The impressions from his hometown are still fresh. Almost too fresh. Dmitro Soochekov therefore initially declines the interview request. He can’t describe it yet, he says. About half an hour later, the translator’s phone rings again: he’s ready to talk.
Interview in the smoking corner
In the background, children are romping around on the playground at the company’s premises in Orativ, where Soochekov and his family have found refuge. The garden house, which has been converted into a smokers’ lounge, offers a quiet place to talk. The conversation takes place here at the beginning of May. At this point the Russian attacking troops are just breaking through at Popasna and try to advance north-west in order to form the Sieverodonetsk-Lysychansk pocket from this side.
Nevertheless, Soochekov left for Bakhmut, about 30 kilometers away, which is located near an important trunk road. “I got some things,” says Soochekov with a tired smile. He brought clothes, his daughter’s bicycle and toys. When they fled at the end of March it was still winter, now it’s getting warmer. He doesn’t have the money to buy all these things new. “Of course it’s dangerous,” he says. Only one road leads from here to the west: “If it is attacked, there is no way.”
Struggling for words
That’s why Soochekov decided to drive – before the situation escalates any further. Now it seemed halfway possible to him. “How should I explain when there is bombing. Here I drink tea, sit in the kitchen and see two planes flying out of the window,” he is still struggling with words that could describe the situation in Bakhmut.
He saw Ukrainian air defenses fighting two Russian planes. At least he didn’t have to worry about artillery, it was still far enough away. “But the night after I came back, a rocket landed and people died,” notes Soochekov.
At the same time, it is difficult for him to assess how dangerous the action was. “It’s dangerous all over Ukraine,” he says; even if the Donbas is particularly affected by combats.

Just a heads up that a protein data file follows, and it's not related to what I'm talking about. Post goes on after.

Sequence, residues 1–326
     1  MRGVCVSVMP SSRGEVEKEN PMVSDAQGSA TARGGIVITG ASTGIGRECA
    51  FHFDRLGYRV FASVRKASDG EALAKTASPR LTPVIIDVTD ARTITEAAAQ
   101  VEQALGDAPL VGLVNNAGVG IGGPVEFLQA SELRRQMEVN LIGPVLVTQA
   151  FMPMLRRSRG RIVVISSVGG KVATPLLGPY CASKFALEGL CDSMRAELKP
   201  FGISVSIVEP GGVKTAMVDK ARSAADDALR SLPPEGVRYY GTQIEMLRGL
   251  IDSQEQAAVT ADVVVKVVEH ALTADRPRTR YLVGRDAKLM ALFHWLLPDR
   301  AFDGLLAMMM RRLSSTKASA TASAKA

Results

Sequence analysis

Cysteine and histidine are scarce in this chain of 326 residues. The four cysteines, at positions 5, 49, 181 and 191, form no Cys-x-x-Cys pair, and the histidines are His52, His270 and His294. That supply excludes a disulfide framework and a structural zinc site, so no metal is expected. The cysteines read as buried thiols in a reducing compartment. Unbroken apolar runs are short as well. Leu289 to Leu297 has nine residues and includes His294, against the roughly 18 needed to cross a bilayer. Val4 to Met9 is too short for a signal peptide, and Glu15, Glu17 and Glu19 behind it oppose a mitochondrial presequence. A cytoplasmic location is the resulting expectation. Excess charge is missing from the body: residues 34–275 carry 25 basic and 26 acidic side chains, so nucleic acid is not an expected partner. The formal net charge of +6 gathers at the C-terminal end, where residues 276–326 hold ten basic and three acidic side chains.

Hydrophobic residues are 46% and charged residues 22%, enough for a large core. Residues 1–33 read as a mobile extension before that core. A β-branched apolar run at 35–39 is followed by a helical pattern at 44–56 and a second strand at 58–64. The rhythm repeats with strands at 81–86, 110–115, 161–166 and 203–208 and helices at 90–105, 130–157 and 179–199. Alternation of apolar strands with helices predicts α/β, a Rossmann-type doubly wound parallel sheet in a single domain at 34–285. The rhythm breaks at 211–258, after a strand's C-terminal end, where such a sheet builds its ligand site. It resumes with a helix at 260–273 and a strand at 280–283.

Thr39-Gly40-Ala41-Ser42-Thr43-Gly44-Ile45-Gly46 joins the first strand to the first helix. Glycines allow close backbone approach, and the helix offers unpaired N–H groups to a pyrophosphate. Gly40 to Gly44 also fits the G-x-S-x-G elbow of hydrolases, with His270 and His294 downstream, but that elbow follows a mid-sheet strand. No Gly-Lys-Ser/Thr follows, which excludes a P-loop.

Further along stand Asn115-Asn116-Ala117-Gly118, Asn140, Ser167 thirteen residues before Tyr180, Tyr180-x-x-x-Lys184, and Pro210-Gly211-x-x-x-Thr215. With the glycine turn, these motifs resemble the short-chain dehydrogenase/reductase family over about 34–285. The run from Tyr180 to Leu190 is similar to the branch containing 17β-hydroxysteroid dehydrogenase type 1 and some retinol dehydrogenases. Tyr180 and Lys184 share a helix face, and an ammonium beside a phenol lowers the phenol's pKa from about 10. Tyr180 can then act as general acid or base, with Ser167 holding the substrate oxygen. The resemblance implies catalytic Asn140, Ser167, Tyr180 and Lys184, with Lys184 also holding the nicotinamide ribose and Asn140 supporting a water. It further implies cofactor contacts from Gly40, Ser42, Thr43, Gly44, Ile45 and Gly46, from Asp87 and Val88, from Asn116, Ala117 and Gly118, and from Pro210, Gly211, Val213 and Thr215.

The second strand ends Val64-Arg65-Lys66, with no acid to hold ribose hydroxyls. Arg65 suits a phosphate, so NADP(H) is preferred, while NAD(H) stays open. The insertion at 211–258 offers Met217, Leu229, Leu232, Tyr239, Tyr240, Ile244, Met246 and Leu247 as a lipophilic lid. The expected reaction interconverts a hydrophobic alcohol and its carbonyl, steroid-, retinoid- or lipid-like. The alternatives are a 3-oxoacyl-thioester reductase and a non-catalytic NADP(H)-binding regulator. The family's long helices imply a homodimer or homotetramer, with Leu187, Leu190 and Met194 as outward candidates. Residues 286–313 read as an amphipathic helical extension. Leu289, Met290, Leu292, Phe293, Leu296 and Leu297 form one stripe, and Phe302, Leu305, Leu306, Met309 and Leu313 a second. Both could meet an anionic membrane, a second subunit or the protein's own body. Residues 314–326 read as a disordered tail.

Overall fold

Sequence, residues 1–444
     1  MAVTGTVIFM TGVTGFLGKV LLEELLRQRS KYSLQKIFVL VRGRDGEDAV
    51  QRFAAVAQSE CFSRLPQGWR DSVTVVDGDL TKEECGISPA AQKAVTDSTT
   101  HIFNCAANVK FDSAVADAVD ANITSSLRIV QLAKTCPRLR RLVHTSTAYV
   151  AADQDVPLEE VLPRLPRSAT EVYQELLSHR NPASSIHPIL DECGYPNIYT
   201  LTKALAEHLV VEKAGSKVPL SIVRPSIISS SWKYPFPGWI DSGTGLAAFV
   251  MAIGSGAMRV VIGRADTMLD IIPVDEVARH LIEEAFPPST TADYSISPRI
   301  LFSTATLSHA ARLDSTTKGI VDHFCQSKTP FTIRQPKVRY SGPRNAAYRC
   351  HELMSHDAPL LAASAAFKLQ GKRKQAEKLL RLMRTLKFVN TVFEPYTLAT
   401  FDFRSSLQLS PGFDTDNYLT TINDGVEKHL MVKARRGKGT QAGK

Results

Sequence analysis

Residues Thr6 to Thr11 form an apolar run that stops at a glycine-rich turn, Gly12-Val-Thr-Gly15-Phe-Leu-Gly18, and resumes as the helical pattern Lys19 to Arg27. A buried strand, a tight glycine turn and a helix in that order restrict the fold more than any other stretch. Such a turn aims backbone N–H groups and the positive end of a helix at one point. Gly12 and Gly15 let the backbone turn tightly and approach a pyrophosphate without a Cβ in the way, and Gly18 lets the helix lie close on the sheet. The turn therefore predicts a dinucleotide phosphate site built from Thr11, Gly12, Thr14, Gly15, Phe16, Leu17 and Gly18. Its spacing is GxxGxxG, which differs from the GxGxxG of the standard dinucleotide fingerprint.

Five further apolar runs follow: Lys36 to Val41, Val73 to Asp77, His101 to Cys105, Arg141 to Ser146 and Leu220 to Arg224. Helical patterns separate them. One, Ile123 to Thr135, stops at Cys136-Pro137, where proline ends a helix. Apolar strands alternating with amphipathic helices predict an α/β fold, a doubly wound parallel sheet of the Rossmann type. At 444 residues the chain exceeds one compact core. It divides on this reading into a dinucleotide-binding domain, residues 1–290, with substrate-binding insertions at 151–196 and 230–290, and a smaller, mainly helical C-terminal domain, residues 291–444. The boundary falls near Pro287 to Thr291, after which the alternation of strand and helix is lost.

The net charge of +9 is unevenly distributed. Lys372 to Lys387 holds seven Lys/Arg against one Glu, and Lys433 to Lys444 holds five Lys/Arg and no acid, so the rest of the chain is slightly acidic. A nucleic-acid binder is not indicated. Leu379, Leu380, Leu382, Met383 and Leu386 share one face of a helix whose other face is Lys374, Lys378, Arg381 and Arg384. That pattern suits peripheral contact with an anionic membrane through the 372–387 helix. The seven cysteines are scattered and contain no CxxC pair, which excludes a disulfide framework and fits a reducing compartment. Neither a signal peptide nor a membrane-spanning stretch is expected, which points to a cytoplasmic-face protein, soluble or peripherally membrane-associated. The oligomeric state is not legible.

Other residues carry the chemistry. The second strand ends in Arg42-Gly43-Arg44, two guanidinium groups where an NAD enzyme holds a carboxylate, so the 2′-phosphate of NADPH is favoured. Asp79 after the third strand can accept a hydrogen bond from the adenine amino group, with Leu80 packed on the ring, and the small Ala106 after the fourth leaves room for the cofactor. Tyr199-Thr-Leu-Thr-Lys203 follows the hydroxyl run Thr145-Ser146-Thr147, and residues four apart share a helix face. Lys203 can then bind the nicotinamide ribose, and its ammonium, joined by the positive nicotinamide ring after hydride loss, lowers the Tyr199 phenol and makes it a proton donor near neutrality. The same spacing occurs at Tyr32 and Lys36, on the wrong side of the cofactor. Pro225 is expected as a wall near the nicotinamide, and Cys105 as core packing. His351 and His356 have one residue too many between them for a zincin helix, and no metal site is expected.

„It was dangerous two weeks ago, it is dangerous now.“
However, it was necessary to go.
It was not easy for him to return. The damage in familiar surroundings, the houses without windows and then the limited space in the car to take belongings with him. “That makes it even more difficult,” says Soochekov. He lived in Bakhmut for more than 15 years and had a quiet life. He could not fulfill his dream of becoming a doctor due to lack of money.
At least his job in the steel factory provided him with an income that enabled him to get by. Crossing the Dnieper again, returning to familiar surroundings, was even a pleasure for him at first. “But once you’re familiar with the Donetsk region, you don’t have a smile on your face,” he notes.
Lost home, uncertain future
Because the workplace is history, he doesn’t know if he’ll ever be able to live in his home again. “Then you have to decide what’s important to you and what you want to take with you for the near future,” Soochekov says of returning to his apartment. He describes making the decision as a major challenge. How should one decide? “We don’t know what our final destination will be and it’s impossible to take everything with us,” he continues.
How does it feel to return to such a homeland? “Well, maybe there’s even a bit of hope that our guys will hold the line,” says Soochekov. He would love to see a counter-offensive pushing the Russian troops back to their borders. He apologizes, he still feels sluggish and has trouble formulating a thought.
Meanwhile, he does not see himself at the front. “I didn’t serve,” says Soochekov, others would be more useful in combat than him. As a metalworker, he could then do his part at a later date to lead the country into a better future. That’s why escaping the city was obvious to him. Woman and Daughter shouldn’t have to see, hear and experience all the horrors. For what, Soochekov asks? “These are all traumas later on,” he emphasizes, referring to the siege of Mariupol, where he lived for nine years and still has friends.
Especially since injuries in war can quickly become physical. He therefore took the first opportunity to leave as the war approached; Popasna has marked the front line in Donbass since 2015. A rocket also hit his sister’s house. “The entrance is completely burned out. You can’t go back there,” says Soochekov. Knowing this, he would rather leave earlier than too late.
At least he didn’t have to start from scratch in Orativ. Relatives live here and organized a guest room for him and his family in the office building of a local agricultural company. However, that is not a prospect. Still, Soochekov tried to provide a good life for his family. The day after the talk, his daughter is happy to go on a ride with her rescued bike.